Send to

Choose Destination
J Virol. 1995 Mar;69(3):1408-19.

Induction of focal spongiform neurodegeneration in developmentally resistant mice by implantation of murine retrovirus-infected microglia.

Author information

Laboratory of Persistent Viral Diseases, Rocky Mountain Laboratories, National Institute of Allergy and Infections Diseases, Hamilton, Montana 59840.


FrCasE is a highly neurovirulent murine leukemia virus which causes a noninflammatory spongiform neurodegenerative disease after neonatal inoculation. The central nervous system (CNS) infection is wide-spread, involving several different cell types, whereas the lesions are localized to motor areas of the brain and spinal cord. Inoculation of FrCasE at 10 days of age (P10) results in viremia, but infection of the CNS is restricted and neurological disease is not observed (M. Czub, S. Czub, F. McAtee, and J. Portis, J. Virol. 65:2539-2544, 1991). In this study, we used this developmental resistance to restrict the extent and the distribution of FrCasE in the brain to examine whether the spongiform degeneration is a consequence of infection of cells in proximity to the lesions. Two approaches were used to infect the brain on or after P10. First, mice were inoculated with FrCasE at P10 to induce viremia and then at P17 were subjected to focal CNS injury within brain regions known to be susceptible to virus-induced spongiform degeneration. The injury resulted in local inflammation, glial activation, migration of inflammatory cells into the wound site, and high-level parenchymal infection about the wound site. However, no evidence of spongiform neurodegeneration was observed over a period of 3 months. The second approach involved the implantation of FrCasE-infected microglia into the CNS at > or = P10. This resulted in microglial engraftment and focal CNS infection unilaterally at the implantation sites and bilaterally along white matter tracts of the corpus callosum and pons and in cells of the subventricular layers of the lateral cerebral ventricles. Strikingly, focal spongiform degeneration colocalized with the sites of infection. In contrast to the wounding experiments, the implantation model was not associated with an inflammatory response or significant glial activation. Results of these studies suggest that (i) the developmental resistance of the CNS to infection lies at the blood-brain barrier and can be bypassed by direct introduction into the brain of virus-infected cells, (ii) the neuropathology induced by this virus is a consequence of local effects of the infection and does not appear to require endothelial or neuronal infection, and (iii) elements of the inflammatory response and/or glial activation may modulate the expression of neuropathology induced by neurovirulent retroviruses.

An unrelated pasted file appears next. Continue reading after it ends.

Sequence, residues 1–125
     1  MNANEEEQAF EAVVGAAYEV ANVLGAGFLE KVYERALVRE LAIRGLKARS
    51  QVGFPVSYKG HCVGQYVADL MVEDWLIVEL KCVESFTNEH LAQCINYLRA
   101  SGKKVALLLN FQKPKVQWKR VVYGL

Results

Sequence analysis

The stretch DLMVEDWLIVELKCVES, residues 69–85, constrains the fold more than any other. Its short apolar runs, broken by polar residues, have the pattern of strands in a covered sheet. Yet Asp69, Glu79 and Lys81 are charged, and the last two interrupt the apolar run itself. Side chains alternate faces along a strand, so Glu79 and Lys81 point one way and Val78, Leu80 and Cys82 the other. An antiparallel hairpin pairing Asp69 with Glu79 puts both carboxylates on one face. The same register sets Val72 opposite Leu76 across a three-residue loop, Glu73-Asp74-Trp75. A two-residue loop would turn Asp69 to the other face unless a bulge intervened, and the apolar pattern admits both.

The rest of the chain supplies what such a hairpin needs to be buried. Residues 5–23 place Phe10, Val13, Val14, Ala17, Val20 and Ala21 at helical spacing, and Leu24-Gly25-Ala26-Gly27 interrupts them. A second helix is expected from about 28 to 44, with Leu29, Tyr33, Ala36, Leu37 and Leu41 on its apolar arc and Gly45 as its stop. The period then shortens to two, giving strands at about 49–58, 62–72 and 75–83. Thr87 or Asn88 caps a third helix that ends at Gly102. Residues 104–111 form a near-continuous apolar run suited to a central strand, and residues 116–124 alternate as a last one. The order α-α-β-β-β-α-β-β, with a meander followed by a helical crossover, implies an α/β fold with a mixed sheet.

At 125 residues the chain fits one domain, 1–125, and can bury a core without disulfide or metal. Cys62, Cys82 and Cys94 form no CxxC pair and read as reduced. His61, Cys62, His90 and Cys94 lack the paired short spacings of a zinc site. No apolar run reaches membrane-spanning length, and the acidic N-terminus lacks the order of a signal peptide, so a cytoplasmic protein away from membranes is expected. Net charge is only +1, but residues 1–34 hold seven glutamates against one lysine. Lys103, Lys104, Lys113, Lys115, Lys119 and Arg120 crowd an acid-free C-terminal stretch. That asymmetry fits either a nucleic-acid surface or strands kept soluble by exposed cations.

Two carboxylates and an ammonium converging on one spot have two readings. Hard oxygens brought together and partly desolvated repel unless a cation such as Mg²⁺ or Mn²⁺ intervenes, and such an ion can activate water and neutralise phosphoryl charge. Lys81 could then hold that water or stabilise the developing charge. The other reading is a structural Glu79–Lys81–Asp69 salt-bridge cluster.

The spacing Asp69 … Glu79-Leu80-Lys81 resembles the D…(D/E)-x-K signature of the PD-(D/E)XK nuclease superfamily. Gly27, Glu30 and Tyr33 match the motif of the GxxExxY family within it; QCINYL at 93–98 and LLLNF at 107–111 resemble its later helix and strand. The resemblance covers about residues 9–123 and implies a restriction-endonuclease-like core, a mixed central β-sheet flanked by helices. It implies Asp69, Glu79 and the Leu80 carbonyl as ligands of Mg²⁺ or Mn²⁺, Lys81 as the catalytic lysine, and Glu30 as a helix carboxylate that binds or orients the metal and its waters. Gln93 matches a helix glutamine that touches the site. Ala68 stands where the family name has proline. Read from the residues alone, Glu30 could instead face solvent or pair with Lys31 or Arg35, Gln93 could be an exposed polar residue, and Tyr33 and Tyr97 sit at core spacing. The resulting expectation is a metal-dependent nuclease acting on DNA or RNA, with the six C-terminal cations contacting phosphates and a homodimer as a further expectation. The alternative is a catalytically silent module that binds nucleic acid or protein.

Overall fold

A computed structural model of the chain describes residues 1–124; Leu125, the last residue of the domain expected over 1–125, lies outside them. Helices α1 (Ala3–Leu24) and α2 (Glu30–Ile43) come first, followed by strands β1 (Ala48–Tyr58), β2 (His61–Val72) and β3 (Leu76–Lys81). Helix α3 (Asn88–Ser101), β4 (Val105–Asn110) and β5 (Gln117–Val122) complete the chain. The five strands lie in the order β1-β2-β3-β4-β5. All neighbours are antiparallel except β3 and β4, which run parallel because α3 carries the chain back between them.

[Indexed for MEDLINE]
Free PMC Article

Supplemental Content

Full text links

Icon for HighWire Icon for PubMed Central
Loading ...
Support Center